Blank spots on the map: some current questions on nuclear organization and genome architecture

Carmen Adriaens, Leonid A. Serebryannyy, Marina Feric, Andria Schibler, Karen J. Meaburn, Nard Kubben, Pawel Trzaskoma, Sigal Shachar, Sandra Vidak, Elizabeth H. Finn, Varun Sood, Gianluca Pegoraro, Tom Misteli

Research output: Contribution to journalReview articlepeer-review

16 Scopus citations

Abstract

The past decades have provided remarkable insights into how the eukaryotic cell nucleus and the genome within it are organized. The combined use of imaging, biochemistry and molecular biology approaches has revealed several basic principles of nuclear architecture and function, including the existence of chromatin domains of various sizes, the presence of a large number of non-membranous intranuclear bodies, non-random positioning of genes and chromosomes in 3D space, and a prominent role of the nuclear lamina in organizing genomes. Despite this tremendous progress in elucidating the biological properties of the cell nucleus, many questions remain. Here, we highlight some of the key open areas of investigation in the field of nuclear organization and genome architecture with a particular focus on the mechanisms and principles of higher-order genome organization, the emerging role of liquid phase separation in cellular organization, and the functional role of the nuclear lamina in physiological processes.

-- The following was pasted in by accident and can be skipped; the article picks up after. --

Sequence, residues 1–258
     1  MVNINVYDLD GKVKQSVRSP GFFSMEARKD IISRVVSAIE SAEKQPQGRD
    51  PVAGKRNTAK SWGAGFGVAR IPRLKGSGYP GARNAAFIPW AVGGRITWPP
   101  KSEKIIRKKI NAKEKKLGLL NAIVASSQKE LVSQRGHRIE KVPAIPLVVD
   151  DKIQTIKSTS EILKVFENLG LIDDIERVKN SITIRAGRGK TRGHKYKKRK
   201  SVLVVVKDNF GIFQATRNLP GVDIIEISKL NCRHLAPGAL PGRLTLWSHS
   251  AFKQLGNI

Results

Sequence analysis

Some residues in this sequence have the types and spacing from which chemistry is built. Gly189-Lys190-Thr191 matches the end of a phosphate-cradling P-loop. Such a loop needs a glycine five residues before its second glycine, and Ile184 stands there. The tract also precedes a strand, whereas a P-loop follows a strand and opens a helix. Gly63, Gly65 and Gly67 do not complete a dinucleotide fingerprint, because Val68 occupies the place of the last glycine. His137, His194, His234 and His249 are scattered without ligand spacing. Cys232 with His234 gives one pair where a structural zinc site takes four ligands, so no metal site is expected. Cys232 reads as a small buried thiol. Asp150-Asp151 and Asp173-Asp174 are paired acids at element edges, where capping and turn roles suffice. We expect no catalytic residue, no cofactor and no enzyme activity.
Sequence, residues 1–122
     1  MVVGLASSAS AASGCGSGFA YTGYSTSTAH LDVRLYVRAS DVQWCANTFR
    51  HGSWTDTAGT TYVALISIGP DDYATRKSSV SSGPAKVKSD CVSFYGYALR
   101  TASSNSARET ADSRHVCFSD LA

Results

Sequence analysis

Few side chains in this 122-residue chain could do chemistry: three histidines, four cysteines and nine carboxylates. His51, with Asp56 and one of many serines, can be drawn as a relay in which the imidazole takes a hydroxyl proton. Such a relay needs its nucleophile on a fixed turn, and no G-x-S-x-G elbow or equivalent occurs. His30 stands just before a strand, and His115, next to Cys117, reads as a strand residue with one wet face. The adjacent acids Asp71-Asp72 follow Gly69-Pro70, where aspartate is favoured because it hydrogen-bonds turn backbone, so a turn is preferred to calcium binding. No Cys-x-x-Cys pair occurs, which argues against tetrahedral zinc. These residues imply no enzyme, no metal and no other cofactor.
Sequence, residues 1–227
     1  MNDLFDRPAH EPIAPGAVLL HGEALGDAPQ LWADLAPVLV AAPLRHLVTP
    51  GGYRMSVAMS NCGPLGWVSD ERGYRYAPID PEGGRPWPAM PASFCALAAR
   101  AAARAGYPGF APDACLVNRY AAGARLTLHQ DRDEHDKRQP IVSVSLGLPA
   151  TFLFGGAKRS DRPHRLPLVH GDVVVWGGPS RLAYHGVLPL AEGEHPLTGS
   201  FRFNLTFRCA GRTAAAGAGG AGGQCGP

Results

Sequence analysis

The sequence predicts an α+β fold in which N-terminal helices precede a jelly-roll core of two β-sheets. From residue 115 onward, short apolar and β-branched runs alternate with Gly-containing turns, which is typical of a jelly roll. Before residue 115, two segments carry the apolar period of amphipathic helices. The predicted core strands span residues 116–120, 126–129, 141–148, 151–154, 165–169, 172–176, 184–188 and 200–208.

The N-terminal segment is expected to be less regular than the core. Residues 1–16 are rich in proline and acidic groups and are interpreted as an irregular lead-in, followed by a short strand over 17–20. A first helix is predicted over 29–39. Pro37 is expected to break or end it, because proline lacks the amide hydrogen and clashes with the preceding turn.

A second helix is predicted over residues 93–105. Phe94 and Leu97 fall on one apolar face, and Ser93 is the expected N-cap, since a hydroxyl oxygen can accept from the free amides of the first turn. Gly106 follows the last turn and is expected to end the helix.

Original languageEnglish (US)
Pages (from-to)579-592
Number of pages14
JournalHistochemistry and Cell Biology
Volume150
Issue number6
DOIs
StatePublished - Dec 1 2018

All Science Journal Classification (ASJC) codes

  • Histology
  • Molecular Biology
  • Medical Laboratory Technology
  • Cell Biology

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